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EMIGRANT - On Wednesday, Wally Macfarlane picked his way up the slick scree slope to the highest point of Packsaddle Peak. There, buffeted by the winds that pushed the first snow of September through the Tom Miner Basin, the big man carefully turned 360 degrees, taking overlapping photos of the surrounding forest.

Macfarlane would compare the lifeless trunks dominating each image to the green whitebark pine trees that graced similar photos taken just four years ago.

“This is a very different forest. It's really depressing, Jesse,” Macfarlane said as his lithe partner caught up to him on the 9,600-foot-high point.

Entomologist Jesse Logan looked around, sizing up the forest patch that he'd last seen in 2009. It was now mostly a cemetery with gray, twisted trees as its headstones – the standing dead.

The only green branches he saw were on isolated lodgepole pines and a few whitebark pine holdouts, usually small, young trees. But even they tended to display the telltale red needles, evidence that pine beetles were probably killing them.

“I'd say it's around 80 percent gone,” Logan said. “This is happening faster than the models predicted.”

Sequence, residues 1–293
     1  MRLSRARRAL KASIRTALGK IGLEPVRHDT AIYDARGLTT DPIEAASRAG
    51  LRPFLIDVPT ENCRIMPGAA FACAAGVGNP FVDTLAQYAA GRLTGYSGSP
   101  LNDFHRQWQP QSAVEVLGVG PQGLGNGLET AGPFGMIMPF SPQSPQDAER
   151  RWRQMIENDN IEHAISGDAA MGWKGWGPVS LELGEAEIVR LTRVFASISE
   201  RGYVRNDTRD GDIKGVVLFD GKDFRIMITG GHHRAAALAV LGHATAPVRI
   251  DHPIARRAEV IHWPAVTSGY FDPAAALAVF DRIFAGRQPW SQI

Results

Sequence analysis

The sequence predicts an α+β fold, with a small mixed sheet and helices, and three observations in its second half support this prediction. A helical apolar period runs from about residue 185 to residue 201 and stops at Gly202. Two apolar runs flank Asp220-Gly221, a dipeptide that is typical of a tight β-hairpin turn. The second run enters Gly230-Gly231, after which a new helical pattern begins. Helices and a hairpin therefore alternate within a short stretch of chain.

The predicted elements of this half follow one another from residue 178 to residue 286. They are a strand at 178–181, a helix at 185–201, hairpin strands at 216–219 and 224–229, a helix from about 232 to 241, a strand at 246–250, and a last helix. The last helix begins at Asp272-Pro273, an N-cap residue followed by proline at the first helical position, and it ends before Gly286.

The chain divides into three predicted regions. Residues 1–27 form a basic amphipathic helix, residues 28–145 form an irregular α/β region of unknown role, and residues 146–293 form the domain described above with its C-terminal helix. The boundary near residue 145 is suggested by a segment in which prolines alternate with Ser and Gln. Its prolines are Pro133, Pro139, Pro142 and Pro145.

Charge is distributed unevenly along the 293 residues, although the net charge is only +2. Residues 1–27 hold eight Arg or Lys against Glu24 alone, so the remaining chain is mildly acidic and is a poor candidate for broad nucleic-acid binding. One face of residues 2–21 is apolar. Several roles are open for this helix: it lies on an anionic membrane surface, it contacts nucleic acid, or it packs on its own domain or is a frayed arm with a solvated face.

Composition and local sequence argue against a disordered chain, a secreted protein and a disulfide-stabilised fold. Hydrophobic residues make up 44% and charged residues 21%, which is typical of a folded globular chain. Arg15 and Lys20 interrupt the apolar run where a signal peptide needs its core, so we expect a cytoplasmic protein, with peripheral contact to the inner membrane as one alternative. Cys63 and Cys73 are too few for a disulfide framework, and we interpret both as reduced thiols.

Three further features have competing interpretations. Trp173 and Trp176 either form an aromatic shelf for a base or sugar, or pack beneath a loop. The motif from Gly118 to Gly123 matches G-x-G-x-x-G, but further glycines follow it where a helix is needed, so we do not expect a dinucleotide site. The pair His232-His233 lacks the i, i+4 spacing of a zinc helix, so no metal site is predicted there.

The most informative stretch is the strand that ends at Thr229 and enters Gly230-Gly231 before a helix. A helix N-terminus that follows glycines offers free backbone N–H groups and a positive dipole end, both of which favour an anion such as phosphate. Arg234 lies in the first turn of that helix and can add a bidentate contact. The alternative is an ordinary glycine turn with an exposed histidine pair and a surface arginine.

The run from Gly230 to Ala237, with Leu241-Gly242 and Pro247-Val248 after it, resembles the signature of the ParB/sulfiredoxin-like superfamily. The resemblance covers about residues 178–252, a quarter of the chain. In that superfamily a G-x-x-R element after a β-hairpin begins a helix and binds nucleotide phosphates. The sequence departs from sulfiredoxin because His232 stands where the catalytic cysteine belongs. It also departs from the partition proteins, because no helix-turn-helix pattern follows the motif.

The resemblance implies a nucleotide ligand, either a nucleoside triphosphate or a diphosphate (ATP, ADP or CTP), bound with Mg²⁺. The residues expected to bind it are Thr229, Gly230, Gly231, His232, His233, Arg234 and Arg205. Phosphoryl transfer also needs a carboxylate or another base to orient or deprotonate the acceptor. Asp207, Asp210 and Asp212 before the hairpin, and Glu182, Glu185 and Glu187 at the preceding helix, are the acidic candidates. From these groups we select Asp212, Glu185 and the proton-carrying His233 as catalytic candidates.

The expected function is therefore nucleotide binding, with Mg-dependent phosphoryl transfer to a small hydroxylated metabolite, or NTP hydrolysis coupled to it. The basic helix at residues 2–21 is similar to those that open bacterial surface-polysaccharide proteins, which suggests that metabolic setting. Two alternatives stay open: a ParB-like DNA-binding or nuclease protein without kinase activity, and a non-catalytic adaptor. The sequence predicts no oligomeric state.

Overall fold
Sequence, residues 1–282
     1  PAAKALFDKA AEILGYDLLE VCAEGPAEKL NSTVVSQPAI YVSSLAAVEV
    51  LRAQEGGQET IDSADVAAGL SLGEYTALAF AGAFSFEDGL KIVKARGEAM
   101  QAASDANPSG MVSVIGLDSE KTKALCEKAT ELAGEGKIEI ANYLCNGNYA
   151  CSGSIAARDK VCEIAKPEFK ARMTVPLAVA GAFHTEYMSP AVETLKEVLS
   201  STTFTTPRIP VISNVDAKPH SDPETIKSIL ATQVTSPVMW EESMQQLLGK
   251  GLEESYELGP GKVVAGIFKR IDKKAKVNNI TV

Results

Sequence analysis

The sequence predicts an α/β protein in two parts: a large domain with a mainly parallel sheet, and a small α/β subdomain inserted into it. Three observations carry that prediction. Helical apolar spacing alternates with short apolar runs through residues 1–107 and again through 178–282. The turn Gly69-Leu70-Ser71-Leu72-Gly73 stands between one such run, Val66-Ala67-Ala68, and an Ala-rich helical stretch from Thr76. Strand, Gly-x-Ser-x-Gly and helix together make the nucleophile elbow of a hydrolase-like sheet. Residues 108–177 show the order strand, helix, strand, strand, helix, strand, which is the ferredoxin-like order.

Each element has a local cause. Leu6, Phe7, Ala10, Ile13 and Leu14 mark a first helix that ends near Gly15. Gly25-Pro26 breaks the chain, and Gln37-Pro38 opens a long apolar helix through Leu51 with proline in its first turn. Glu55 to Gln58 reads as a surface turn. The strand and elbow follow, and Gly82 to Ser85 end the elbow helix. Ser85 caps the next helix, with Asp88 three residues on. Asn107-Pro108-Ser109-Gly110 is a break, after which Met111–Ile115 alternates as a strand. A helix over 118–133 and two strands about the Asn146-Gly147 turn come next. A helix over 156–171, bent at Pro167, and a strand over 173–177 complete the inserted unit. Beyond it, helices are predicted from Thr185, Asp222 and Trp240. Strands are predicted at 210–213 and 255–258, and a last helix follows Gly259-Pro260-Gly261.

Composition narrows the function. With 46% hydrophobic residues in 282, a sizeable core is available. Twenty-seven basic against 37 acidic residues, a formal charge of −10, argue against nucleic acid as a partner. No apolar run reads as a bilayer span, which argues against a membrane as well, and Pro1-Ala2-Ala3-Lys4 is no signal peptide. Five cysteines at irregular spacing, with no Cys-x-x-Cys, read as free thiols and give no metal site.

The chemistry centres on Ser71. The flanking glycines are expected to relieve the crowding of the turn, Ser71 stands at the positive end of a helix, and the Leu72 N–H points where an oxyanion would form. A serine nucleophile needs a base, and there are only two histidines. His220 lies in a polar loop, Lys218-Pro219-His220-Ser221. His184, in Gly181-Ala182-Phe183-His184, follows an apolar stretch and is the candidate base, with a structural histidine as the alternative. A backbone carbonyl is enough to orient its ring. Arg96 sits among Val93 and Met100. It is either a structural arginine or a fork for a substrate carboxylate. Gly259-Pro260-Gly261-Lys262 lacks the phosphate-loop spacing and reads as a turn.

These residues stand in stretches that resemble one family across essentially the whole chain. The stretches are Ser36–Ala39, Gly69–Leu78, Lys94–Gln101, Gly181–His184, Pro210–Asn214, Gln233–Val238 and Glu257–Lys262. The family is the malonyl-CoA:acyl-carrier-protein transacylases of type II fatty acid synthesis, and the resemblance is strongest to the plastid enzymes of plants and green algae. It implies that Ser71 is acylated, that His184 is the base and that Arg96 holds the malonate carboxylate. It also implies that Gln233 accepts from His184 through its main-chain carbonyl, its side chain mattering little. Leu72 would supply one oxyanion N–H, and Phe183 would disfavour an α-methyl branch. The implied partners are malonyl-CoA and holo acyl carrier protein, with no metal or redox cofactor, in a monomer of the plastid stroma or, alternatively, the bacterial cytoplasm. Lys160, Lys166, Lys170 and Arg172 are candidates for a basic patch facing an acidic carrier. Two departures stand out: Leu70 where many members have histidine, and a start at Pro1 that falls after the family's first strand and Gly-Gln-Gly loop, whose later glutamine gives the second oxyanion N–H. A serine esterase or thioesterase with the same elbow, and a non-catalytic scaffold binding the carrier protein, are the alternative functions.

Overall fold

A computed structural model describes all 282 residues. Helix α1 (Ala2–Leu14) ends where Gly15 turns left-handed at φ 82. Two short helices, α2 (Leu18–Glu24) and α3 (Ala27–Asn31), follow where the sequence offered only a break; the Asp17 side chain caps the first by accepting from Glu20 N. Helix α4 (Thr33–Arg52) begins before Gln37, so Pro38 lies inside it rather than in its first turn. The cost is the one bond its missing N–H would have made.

Logan and Macfarlane, a Utah State University research associate, have been working together since 2005, tracking the health of whitebark pine forests in the greater Yellowstone ecosystem.

When they started, it was already too late for several whitebark stands.

Since then, it's been like monitoring the health of a family member with a progressive terminal disease. Each time they visit a stand, conditions have worsened because of a warming climate.

“These are not happy times for the species. We never come up and find them in better shape,” Logan said. “But it's exciting for an ecologist because everything is accelerated. Decades of change are compressed into years.”


Logan is no starry-eyed, young scientist.

At 69, he's lived in different parts of the U.S. and adjusted to the regimens of nonprofits, universities and federal agencies. He's seen how politics at any level can hinder the search for knowledge.

Finally, when the Bush administration wouldn't allow federal employees to even say the words “climate change,” he gave up a Forest Service job he enjoyed.

“He got fed up so he retired early,” Macfarlane said.

Though hardened slightly by his experiences, Logan can still get emotional about whitebark pine, especially when he thinks that his grandchildren might never see one.

“I don't know if I love whitebark pine for the country that it's in or if I love the country because of the whitebark pine,” Logan said. “I guess it really doesn't matter.”